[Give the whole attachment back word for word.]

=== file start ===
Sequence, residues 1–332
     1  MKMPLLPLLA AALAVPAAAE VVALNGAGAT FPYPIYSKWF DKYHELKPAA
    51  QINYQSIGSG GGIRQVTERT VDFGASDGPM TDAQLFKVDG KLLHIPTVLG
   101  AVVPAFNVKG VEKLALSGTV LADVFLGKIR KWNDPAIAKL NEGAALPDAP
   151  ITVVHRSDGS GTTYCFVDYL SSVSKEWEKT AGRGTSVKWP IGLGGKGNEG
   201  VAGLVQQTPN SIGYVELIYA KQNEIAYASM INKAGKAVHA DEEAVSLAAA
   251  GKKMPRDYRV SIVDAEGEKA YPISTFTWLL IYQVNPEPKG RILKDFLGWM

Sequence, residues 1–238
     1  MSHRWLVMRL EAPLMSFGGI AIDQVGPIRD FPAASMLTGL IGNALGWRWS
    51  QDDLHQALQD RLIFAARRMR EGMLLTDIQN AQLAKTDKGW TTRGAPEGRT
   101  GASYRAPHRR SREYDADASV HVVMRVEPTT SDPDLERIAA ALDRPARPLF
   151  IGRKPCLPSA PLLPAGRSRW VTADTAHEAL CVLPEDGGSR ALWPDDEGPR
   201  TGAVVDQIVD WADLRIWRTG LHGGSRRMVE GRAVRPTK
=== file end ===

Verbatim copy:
Sequence, residues 1–332
     1  MKMPLLPLLA AALAVPAAAE VVALNGAGAT FPYPIYSKWF DKYHELKPAA
    51  QINYQSIGSG GGIRQVTERT VDFGASDGPM TDAQLFKVDG KLLHIPTVLG
   101  AVVPAFNVKG VEKLALSGTV LADVFLGKIR KWNDPAIAKL NEGAALPDAP
   151  ITVVHRSDGS GTTYCFVDYL SSVSKEWEKT AGRGTSVKWP IGLGGKGNEG
   201  VAGLVQQTPN SIGYVELIYA KQNEIAYASM INKAGKAVHA DEEAVSLAAA
   251  GKKMPRDYRV SIVDAEGEKA YPISTFTWLL IYQVNPEPKG RILKDFLGWM

Sequence, residues 1–238
     1  MSHRWLVMRL EAPLMSFGGI AIDQVGPIRD FPAASMLTGL IGNALGWRWS
    51  QDDLHQALQD RLIFAARRMR EGMLLTDIQN AQLAKTDKGW TTRGAPEGRT
   101  GASYRAPHRR SREYDADASV HVVMRVEPTT SDPDLERIAA ALDRPARPLF
   151  IGRKPCLPSA PLLPAGRSRW VTADTAHEAL CVLPEDGGSR ALWPDDEGPR
   201  TGAVVDQIVD WADLRIWRTG LHGGSRRMVE GRAVRPTK